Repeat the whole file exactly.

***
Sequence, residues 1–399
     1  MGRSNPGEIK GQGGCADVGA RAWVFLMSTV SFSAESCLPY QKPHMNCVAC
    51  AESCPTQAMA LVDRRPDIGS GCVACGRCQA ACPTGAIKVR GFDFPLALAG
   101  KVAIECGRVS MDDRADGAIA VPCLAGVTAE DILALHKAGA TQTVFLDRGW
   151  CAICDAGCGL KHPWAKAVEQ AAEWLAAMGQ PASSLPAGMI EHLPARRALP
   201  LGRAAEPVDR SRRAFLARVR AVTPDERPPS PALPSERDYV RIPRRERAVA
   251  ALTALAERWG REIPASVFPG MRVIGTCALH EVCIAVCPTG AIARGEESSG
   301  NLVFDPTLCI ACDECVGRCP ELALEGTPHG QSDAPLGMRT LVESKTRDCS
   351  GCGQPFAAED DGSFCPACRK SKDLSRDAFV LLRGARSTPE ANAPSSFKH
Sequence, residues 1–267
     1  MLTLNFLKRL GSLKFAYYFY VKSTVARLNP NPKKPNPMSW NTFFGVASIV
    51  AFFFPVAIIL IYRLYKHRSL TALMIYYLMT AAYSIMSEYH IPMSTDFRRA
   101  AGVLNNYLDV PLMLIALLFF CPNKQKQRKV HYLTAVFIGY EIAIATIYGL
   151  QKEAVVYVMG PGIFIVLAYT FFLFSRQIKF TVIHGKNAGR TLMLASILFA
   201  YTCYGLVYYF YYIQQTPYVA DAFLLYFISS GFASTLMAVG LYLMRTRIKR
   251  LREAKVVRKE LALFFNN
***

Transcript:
Sequence, residues 1–399
     1  MGRSNPGEIK GQGGCADVGA RAWVFLMSTV SFSAESCLPY QKPHMNCVAC
    51  AESCPTQAMA LVDRRPDIGS GCVACGRCQA ACPTGAIKVR GFDFPLALAG
   101  KVAIECGRVS MDDRADGAIA VPCLAGVTAE DILALHKAGA TQTVFLDRGW
   151  CAICDAGCGL KHPWAKAVEQ AAEWLAAMGQ PASSLPAGMI EHLPARRALP
   201  LGRAAEPVDR SRRAFLARVR AVTPDERPPS PALPSERDYV RIPRRERAVA
   251  ALTALAERWG REIPASVFPG MRVIGTCALH EVCIAVCPTG AIARGEESSG
   301  NLVFDPTLCI ACDECVGRCP ELALEGTPHG QSDAPLGMRT LVESKTRDCS
   351  GCGQPFAAED DGSFCPACRK SKDLSRDAFV LLRGARSTPE ANAPSSFKH
Sequence, residues 1–267
     1  MLTLNFLKRL GSLKFAYYFY VKSTVARLNP NPKKPNPMSW NTFFGVASIV
    51  AFFFPVAIIL IYRLYKHRSL TALMIYYLMT AAYSIMSEYH IPMSTDFRRA
   101  AGVLNNYLDV PLMLIALLFF CPNKQKQRKV HYLTAVFIGY EIAIATIYGL
   151  QKEAVVYVMG PGIFIVLAYT FFLFSRQIKF TVIHGKNAGR TLMLASILFA
   201  YTCYGLVYYF YYIQQTPYVA DAFLLYFISS GFASTLMAVG LYLMRTRIKR
   251  LREAKVVRKE LALFFNN